Jess Elkins: My one piece of advice is to just go for it and audition for everything!

Victoria Fortune: I would tell incoming students to take advantage of every opportunity presented to you! Audition for Klein productions and audition for Studio 115 productions. Take Theatre Practicum. Volunteer for any available position, even if it’s something you hadn’t done before. Go to any event you are invited to. Also, the faculty and upperclassmen want to get to know you and will remember your names, so don’t be afraid to make friends!

Mollie Green: I would tell incoming students to take advantage of everything! Audition for everything. Get involved in every way possible. Don’t be afraid to just jump right into the department. We are an incredibly welcoming group of students and the department loves to see new faces! There are so many awesome opportunities to get involved that it’ll be easy to just slide right in. Above all else, be yourself! We definitely get down to business when it comes to theatre, but we have a ton of fun in the process.

Our first year students have been welcomed to the department and look forward to continuing their studies here at UMW Theatre!

Our first year students have been welcomed to the department and look forward to continuing their studies here at UMW Theatre!

Meagan Morrison: I would tell incoming students to not be afraid. Don’t be scared to aim for what you want because you just might get it. Work hard and you can reach your goals.

Maddie Petroskey: I would tell incoming students to get involved! The sooner you start working on shows in Studio 115 or on Klein, the sooner you’ll make friends, have things to look forward to, and create great memories for your college experience. I really think that 90% of the reason I had such a great freshman year was because I put myself out there the first week of classes and got involved with the 24-Hour Play Festival. After that, I learned about other Studio 115 shows to audition for, and getting all of that experience has not only given me exposure in the department, but it also gave me a wonderful experience as an actor – not to mention the fact that I was able to meet people that I consider some of my closest friends.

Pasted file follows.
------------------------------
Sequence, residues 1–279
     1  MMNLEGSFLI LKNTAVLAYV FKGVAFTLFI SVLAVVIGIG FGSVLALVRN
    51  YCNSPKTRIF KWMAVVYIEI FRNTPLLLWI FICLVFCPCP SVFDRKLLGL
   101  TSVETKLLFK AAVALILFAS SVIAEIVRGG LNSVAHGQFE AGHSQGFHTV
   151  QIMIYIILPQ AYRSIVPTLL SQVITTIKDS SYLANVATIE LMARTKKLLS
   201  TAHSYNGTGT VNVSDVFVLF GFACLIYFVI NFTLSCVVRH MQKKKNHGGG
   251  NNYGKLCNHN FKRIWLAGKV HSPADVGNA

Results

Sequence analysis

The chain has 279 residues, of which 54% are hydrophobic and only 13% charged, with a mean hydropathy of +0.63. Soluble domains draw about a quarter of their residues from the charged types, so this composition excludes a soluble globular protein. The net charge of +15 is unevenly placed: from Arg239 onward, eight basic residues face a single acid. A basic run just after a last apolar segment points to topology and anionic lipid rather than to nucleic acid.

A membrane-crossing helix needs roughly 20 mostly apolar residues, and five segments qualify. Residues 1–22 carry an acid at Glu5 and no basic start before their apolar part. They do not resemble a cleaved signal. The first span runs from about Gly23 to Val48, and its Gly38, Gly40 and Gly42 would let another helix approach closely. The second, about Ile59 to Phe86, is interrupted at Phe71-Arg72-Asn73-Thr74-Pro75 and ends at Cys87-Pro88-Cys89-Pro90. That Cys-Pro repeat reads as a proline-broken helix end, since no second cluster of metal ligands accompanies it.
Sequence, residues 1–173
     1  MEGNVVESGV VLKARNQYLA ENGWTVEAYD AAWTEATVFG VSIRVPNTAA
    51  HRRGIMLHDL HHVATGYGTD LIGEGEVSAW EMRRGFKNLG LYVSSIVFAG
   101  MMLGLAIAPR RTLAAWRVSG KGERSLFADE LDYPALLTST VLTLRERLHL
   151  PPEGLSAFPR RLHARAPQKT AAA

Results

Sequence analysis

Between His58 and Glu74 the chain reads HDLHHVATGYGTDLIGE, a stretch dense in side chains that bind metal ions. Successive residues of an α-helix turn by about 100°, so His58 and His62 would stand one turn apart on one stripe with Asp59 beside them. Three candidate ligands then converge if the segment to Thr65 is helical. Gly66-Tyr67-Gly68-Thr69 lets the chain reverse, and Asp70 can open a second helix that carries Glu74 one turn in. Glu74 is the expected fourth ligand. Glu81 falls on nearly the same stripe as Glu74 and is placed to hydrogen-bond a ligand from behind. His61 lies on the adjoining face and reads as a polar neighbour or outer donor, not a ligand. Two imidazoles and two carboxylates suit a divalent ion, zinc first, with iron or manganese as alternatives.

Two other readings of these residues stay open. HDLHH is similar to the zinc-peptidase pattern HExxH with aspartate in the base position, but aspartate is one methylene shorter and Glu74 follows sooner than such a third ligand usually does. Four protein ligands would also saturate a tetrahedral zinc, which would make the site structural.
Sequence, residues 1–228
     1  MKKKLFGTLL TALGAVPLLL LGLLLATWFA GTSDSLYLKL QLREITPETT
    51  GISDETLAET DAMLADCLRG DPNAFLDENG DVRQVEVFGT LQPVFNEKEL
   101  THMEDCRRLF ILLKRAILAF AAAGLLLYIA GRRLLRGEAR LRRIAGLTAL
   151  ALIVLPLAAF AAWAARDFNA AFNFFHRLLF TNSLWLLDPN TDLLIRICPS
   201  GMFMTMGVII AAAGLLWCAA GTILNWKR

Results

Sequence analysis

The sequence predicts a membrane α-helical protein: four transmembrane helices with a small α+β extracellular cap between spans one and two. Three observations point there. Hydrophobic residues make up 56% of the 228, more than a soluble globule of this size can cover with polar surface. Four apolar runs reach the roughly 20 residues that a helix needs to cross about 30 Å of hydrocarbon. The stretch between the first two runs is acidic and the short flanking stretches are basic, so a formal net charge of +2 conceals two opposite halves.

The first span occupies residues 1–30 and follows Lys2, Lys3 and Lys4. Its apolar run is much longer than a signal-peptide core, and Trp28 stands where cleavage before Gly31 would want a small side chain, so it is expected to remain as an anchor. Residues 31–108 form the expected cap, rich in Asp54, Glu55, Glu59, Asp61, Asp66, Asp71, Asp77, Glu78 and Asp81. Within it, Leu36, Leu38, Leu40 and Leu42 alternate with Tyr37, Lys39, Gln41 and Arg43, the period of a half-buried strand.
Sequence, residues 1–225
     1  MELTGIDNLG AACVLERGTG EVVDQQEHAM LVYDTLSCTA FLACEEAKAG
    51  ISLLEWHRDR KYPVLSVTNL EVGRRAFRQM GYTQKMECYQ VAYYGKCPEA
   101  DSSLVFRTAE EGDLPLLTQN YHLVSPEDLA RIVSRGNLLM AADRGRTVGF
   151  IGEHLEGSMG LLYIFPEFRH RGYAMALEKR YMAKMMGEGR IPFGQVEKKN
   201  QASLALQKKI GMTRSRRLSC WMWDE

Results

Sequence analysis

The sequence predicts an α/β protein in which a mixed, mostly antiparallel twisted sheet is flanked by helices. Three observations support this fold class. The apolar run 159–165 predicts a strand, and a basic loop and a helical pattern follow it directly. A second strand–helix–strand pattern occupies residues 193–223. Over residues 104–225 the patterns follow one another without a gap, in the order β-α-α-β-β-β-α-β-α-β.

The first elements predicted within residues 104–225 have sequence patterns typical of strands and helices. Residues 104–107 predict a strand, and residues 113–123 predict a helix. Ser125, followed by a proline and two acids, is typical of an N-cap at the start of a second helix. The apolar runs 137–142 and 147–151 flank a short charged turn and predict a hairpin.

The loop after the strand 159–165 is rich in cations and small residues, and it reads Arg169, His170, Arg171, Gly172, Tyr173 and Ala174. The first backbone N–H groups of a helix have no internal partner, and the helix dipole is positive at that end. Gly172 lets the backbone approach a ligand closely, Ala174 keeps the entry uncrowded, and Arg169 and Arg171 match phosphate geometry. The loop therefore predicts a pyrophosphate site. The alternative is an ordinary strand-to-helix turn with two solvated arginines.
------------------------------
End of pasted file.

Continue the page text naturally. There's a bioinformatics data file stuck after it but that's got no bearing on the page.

Ivan Quiroga: I would tell incoming students to not be so down if you don’t get cast in a show your first semester. There are a few other ways to get involved with the department, and it’s great to make the connections with people in the department.

Clay Spence: My one piece of advice I’d give to incoming students is don’t be intimidated or hesitant to put yourself out there. Even if you’re interested in technical theatre, being outgoing isn’t just for actors. It can be scary, but it’s really rewarding, and you’ll see that you’re enjoying and growing more than if you wait for opportunities to drop in your lap.

Grace Weaver: I would tell incoming students to take theatre practicum their first semester here! Honestly, if it weren’t for getting involved right away with The Mystery of Edwin Drood, I wouldn’t think I would have had the same opportunities and experiences I had this year. It is important that if you are interested at all in UMW Theatre that you get your name out there, so that the faculty and students know who you are. The faculty and students are extremely welcoming and excited for incoming students to get involved with UMW Theatre!

Teresa Wright: I would tell incoming students, to be aware of how much free time you have. Theatre in general is kind of all-consuming, and time management is a huge factor in how you can commit to a show or even just helping to build the set.

Thank you to all our UMW Theatre first-years for a great season. We look forward to welcoming the class of 2021 this fall!